Women Adrift: Independent Wage Earners in Chicago, 1880-1930

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University of Chicago Press, Mar 12, 1991 - Business & Economics - 248 pages
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Starting with Dreiser's Sister Carrie, Meyerowitz uses turn-of-the-century Chicago as a case study to explore both the image and the reality of single women's experiences as they lived apart from their families. In an era when family all but defined American womanhood, these women—neither victimized nor liberated—created new social ties and subcultures to cope with the conditions of urban life.

"Brilliant. . . . Gracefully written, and mercifully free from the jargon that often plagues social history, this book is a welcome addition to literature in women's, urban, and black history."—Ann Schofield, American Historical Review

"Meyerowitz provides a splendid portrait of her subjects. . . . She deserves praise for her demographic spadework, sensitive analysis, and engaging style. This is a valuable and rewarding book."—Nancy Woloch, Journal of American History

"A state-of-the-art product of the new women's history. . . . Meyerowitz's work is an extremely useful contribution, a corrective to over-concentration on women in family, an opening to new ways of looking at single women."—Linda Gordon, Women's Review of Books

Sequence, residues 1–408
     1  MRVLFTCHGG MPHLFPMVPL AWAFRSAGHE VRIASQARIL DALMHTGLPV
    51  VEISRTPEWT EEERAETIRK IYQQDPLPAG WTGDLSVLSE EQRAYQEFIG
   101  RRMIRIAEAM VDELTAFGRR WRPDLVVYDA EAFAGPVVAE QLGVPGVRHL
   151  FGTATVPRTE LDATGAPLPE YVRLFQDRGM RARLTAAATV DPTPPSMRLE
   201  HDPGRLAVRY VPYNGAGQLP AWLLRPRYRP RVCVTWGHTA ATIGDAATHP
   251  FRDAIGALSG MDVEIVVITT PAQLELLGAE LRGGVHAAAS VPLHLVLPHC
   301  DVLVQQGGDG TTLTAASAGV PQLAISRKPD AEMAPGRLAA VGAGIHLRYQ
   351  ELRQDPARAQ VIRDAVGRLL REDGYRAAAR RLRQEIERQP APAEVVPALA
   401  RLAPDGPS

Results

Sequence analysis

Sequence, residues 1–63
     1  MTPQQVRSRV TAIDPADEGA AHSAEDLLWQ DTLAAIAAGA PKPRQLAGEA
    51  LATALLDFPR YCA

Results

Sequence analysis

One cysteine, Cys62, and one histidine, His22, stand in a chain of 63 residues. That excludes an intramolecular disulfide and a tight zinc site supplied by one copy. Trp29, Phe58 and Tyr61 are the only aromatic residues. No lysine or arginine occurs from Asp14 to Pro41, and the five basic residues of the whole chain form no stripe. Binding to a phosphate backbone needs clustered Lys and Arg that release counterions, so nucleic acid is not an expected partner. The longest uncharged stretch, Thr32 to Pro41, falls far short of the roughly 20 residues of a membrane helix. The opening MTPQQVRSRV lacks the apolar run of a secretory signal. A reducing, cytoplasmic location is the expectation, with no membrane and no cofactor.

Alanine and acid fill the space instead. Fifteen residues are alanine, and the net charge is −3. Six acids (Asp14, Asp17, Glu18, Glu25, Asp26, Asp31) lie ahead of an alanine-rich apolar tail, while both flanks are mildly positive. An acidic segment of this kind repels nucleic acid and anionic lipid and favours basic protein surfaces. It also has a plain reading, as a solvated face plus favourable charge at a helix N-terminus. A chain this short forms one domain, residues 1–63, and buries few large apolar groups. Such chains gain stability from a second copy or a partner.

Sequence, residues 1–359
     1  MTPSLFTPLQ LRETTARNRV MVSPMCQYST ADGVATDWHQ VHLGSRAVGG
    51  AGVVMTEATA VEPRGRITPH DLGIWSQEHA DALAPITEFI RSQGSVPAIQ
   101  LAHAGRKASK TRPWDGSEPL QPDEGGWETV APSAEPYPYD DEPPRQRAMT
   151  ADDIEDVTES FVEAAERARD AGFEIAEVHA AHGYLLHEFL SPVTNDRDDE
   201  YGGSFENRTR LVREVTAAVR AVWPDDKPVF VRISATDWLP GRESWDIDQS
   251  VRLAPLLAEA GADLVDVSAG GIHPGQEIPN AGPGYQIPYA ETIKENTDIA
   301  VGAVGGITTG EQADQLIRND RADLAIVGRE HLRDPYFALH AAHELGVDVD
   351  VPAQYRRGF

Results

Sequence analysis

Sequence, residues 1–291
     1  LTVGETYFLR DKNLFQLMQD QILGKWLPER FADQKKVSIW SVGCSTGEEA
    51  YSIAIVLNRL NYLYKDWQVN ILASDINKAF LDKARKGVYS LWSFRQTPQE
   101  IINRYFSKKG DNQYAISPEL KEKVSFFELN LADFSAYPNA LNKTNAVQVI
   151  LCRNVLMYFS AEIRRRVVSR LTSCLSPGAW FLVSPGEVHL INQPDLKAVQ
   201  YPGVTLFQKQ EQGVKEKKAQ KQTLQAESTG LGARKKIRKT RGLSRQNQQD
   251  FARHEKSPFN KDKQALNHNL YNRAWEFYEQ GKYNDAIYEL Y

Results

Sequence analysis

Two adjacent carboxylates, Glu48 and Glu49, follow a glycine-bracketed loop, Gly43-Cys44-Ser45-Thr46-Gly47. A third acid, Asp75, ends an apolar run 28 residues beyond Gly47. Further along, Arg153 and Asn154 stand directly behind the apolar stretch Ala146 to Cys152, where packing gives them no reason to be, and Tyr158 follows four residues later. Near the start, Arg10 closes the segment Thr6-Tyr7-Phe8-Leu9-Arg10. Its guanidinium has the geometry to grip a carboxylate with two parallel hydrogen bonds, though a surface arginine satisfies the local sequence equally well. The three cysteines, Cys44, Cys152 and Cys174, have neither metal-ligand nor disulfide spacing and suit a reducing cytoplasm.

"Women Adrift not only brings together many of the most exciting insights of women's history in recent years, but Meyerowitz's particular angle on issues of work, family, sexuality, mass culture and relationships among women also encourages us to rethink these insights."—Ileen A. DeVault, Historian
  

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Contents

Apart from Family
2
A Lone Woman Cant Be Too Careful
22
Orphans and Innocents
44
Surrogate Families
70
Friends to Help Them
93
Urban Pioneers
118
Conclusion
141
Appendix
144
Notes
146
Bibliography
190
Index
214
Copyright

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About the author (1991)

Elizabeth A. Kaye specializes in communications as part of her coaching and consulting practice. She has edited Requirements for Certification since the 2000-01 edition.


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